Jesus on Forgiveness…

Jesus was unwavering in his pronouncements about forgiveness: “For if you forgive others their trespasses, your heavenly Father will also forgive you, but if you do not forgive others their trespasses, neither will your Father forgive your trespasses.” (Matt. 6:14-15)

When we refuse to forgive, we withhold what God has freely granted both to us and to others. We see that Joseph understands this when he says, “Do not fear, for am I in the place of God?” (50:19)

Accepting Forgiveness

Saying “I can’t forgive myself” is really an admission that we are refusing to accept what God has freely granted to us. There may be many complex reasons for this, but for those who are stuck in the loop of repeating this phrase, faith in God’s forgiveness must steadily chip away at our reluctance to accept it. 

We contradict God if we claim that what we’ve done is unforgivable, for who are we to withhold from ourselves what God has freely given to us for his glory and our benefit?

You can’t forgive yourself but you can be forgiven completely. God freely offers forgiveness for any sin you have committed. You don’t need anything more than that.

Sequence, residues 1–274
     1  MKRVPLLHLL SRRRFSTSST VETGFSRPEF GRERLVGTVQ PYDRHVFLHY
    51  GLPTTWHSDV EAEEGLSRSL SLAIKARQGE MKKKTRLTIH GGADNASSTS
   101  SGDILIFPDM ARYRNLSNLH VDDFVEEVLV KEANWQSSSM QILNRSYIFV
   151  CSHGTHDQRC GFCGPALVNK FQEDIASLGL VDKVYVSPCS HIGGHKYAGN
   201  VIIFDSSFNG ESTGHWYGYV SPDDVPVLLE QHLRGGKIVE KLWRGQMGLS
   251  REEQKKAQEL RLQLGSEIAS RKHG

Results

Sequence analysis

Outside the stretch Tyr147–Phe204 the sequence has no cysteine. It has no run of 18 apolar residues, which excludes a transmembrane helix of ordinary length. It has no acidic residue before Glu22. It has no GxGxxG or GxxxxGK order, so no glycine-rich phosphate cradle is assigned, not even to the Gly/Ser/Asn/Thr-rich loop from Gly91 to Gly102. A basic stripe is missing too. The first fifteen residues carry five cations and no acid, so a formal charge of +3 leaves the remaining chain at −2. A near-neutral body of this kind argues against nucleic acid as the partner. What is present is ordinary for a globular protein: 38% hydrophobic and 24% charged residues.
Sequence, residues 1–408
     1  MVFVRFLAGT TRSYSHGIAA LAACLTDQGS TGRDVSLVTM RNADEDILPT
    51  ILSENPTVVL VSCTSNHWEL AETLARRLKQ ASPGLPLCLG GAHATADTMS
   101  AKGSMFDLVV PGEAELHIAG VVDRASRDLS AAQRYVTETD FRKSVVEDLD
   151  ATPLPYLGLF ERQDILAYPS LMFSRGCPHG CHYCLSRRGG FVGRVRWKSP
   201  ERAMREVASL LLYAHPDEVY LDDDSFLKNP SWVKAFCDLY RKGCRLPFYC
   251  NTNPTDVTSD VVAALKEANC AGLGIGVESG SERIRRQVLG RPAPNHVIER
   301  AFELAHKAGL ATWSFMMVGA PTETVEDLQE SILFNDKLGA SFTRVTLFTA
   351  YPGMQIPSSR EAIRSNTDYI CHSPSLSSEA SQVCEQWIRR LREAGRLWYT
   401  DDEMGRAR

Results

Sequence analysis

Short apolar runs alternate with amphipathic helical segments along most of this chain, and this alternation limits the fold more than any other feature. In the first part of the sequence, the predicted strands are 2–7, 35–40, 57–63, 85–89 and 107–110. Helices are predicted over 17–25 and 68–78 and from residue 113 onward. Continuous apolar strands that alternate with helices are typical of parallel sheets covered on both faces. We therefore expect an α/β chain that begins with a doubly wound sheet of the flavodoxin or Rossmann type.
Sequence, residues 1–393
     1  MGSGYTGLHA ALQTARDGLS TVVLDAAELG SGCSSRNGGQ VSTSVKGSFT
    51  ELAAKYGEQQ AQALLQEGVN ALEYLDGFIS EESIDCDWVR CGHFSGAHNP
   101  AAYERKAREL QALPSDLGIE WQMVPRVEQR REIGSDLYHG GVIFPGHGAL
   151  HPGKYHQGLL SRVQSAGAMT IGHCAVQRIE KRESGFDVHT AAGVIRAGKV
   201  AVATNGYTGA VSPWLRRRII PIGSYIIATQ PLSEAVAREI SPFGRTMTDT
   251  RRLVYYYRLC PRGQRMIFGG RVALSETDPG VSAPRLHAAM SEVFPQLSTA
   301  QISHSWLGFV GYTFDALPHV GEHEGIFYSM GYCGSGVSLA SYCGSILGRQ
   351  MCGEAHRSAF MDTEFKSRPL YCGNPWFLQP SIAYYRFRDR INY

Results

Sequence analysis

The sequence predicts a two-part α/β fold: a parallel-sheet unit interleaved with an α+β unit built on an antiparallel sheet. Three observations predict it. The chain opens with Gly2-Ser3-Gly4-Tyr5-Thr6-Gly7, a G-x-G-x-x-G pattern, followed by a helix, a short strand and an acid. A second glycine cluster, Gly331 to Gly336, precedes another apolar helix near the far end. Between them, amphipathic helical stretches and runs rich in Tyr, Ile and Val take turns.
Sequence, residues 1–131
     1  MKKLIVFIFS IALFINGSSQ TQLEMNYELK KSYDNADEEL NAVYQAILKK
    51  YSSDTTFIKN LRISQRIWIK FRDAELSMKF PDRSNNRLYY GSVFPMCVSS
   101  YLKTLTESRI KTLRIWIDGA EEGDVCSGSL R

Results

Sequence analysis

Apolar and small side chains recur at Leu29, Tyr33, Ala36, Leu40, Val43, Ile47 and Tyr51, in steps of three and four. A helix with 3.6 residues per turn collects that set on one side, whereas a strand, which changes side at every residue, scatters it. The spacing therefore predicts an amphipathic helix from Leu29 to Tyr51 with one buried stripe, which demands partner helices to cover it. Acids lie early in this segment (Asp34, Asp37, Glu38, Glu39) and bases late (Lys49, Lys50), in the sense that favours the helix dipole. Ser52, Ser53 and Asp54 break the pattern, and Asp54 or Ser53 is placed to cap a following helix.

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Counting Present Sorrow as Future Joy

“But I will hope continually and will praise you yet more and more. My mouth will tell of your righteous acts, of your deeds of salvation all the day, for their number is past my knowledge.”

Psalm 71:14-15

I remember as a child in the church being led in song and the leader telling us not to sing if we couldn’t honestly affirm the words. On the surface that seems fairly harmless instruction, and in some cases this might be wise, but I have come to see many songs, and some of what is written in scripture, as what I would call “aspirational statements.” 

When we aren’t feeling what we wish we did, we can still aspire to feel rightly according to God’s word. We can proclaim what we know to be true even when our feelings lead us in the opposite direction. Psalm 71:14 strikes me as that kind of statement: “But I will hope continually and will praise you yet more and more.” 

King David often felt hopeless, but he aspired to hope continually, and this increased his ability to hope. 

And we can do the same. We can proclaim the truth that this darkness will not last, even as we despair that it seems to have no end. We can rejoice in our trials and sufferings not by coming to somehow “enjoy” them, but by being obedient to this command, with the truths of scripture as the fuel of our obedience.